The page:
Orange County teachers highlighted for classroom excellence share their education philosophies

Published 12:32 am Wednesday, April 13, 2022

Tammi Halliburton said she truly loves what she does.

“Being an educator allows frequent opportunities for me to share my love of reading with students,” she said. “My ultimate goal is to inspire students to see the potential in and enjoyment from reading and to expand their imaginations to exciting new capacities. I am extremely grateful. It is an overwhelming feeling to be recognized for doing what I love.”

Halliburton’s recent recognition is as one of 15 recipients of the 2022 Wayne A. Reaud Excellence in Education Award.

“Education is the key to a better future and great teachers are the key to education,” Wayne A. Reaud, Chairman of the Board, stated.

“Our winners are outstanding representatives of excellence in education.”

Teachers are first nominated by their campus committees. The winners are selected by the Beaumont Foundation and will be honored at a May 17 awards banquet. Each will receive $10,000 in recognition of exemplary contribution to the lives of their students.

Orange County award winners include Halliburton, Tammy Taylor of Vidor Junior High School and Sally Rost of Orangefield High School.

Halliburton is a fifth grade reading, language arts and social studies teacher in Little Cypress-Mauiveville Consolidated Independent School District. She has been a teacher for 11 years.

High School Principal Rea Wrinkle is seen with geometry teacher Sally Rost. (Photo courtesy OFISD)

Sally Rost

Rost is a geometry teacher at Orangefield High School and has been there 17 years.

“Teaching is so much more than the subject that you teach,” Rost said. “I have always felt like you can know the material better than anyone else, but the students are not going to learn it if you don’t have a relationship with them. It is funny that I recently heard my dad give a speech at his retirement celebration that spoke of the importance of relationships, as well. Maybe that is where I get it from.”

Rost said the teachers she learned the most from were those she truly loved and felt like really cared about her.

“I have always tried to make sure my students knew that no matter what they are important to me,” she said. “I care about them, and my classroom is a safe place for them. Most kids will work and be successful when they know that someone really cares. I try to make sure that each one of them knows they are special.”

At the end of the year, Rost writes a letter to each of her students, highlighting their special qualities.

“For some it is their drive, strong academic strengths and skills in the classroom,” she said. “For others, it is their ability to work with others, to show compassion or their determination to make the world around them better.”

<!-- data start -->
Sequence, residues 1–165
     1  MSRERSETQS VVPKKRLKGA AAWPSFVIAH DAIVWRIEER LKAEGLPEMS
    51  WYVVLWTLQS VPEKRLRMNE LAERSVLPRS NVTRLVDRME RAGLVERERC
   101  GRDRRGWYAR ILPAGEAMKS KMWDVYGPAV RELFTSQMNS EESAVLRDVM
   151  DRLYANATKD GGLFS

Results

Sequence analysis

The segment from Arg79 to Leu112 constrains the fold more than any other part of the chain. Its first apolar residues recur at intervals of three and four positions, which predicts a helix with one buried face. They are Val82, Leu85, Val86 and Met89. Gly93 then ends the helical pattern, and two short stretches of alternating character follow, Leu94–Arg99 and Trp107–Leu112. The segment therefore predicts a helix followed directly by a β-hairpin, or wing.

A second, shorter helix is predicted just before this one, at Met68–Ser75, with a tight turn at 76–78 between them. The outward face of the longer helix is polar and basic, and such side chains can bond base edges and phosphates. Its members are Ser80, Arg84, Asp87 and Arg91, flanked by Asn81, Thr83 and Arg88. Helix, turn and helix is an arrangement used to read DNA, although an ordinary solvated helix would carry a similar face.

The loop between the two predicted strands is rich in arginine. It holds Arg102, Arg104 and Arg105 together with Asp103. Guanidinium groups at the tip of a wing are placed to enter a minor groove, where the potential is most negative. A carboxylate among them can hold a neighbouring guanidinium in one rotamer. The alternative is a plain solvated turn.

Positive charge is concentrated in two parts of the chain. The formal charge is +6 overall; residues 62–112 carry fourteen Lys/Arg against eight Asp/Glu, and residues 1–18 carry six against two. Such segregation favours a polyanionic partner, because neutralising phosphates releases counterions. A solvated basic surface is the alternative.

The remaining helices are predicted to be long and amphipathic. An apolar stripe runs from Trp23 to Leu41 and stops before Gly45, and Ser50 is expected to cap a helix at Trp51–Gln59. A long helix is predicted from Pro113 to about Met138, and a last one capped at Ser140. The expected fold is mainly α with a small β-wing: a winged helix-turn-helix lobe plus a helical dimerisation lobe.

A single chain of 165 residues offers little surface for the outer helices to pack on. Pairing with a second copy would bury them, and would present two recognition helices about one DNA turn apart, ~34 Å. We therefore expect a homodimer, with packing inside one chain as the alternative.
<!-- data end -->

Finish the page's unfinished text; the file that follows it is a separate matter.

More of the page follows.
She tries to invest in her students’ lives outside the classroom, as well.

“I do my best to attend their games, take in the occasional rodeo, where they are roping steer, attend their performances for theater arts, show up for band contests, and have even participated as their confirmation sponsor at church,” Rost said. “I participate in pep rallies, where I have been known to dance with the Sophisticates, dress up as Glenda the Good Witch or try to eat a cookie off my face without my hands.

“I’ve taken them to volunteer with the Bridge City/Orangefield Ministerial Alliance and the Specials Angels Rodeo, where I hope I have taught them compassion for others. The greatest reward I will have at the end of my life is that I will know I did my best to be a positive influence in as many of my students’ lives as possible. I hope that they will all remember how much I loved them and that I will always want what is best for them. I’ve been called mom or “Momma Rost” on more than one occasion, but I think it is just because they know I will do what I can to always help them and support them beyond the year that I teach them.”

UPDTAE: Taylor shares her thoughts on teaching and best practices.

Award history

The Wayne A. Reaud Excellence in Education Award was created to celebrate and recognize superior contributions of teachers whose leadership and dedication inspire a spirit of learning in students of all backgrounds and abilities.

Fifteen teachers are selected annually to receive this prestigious award in recognition of their outstanding contributions to the education system of Southeast Texas.

Reaud Excellence in Education candidates must have completed five years teaching experience, be a full-time classroom teacher at a public or non-public school in Jefferson, Orange, Hardin, Tyler, Jasper or Newton County, whose responsibility is the direct instruction of students and complete the Foundation’s application packet.

— By Sierra Kondos